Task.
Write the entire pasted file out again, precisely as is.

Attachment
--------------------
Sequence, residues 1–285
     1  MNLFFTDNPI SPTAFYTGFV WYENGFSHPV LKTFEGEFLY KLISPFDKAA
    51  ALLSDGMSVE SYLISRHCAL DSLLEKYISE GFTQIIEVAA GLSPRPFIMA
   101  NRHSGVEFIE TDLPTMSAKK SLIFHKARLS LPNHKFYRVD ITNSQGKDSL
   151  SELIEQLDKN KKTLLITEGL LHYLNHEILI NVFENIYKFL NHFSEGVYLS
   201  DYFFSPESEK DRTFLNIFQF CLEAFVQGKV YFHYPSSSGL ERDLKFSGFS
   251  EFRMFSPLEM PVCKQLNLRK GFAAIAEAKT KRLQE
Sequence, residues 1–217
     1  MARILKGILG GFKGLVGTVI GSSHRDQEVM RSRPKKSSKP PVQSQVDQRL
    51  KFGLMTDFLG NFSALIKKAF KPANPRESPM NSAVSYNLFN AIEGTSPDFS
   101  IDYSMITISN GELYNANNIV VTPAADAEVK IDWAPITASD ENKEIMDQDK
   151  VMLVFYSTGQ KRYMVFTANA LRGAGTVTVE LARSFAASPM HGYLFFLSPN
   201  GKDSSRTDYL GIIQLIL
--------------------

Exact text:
Sequence, residues 1–285
     1  MNLFFTDNPI SPTAFYTGFV WYENGFSHPV LKTFEGEFLY KLISPFDKAA
    51  ALLSDGMSVE SYLISRHCAL DSLLEKYISE GFTQIIEVAA GLSPRPFIMA
   101  NRHSGVEFIE TDLPTMSAKK SLIFHKARLS LPNHKFYRVD ITNSQGKDSL
   151  SELIEQLDKN KKTLLITEGL LHYLNHEILI NVFENIYKFL NHFSEGVYLS
   201  DYFFSPESEK DRTFLNIFQF CLEAFVQGKV YFHYPSSSGL ERDLKFSGFS
   251  EFRMFSPLEM PVCKQLNLRK GFAAIAEAKT KRLQE
Sequence, residues 1–217
     1  MARILKGILG GFKGLVGTVI GSSHRDQEVM RSRPKKSSKP PVQSQVDQRL
    51  KFGLMTDFLG NFSALIKKAF KPANPRESPM NSAVSYNLFN AIEGTSPDFS
   101  IDYSMITISN GELYNANNIV VTPAADAEVK IDWAPITASD ENKEIMDQDK
   151  VMLVFYSTGQ KRYMVFTANA LRGAGTVTVE LARSFAASPM HGYLFFLSPN
   201  GKDSSRTDYL GIIQLIL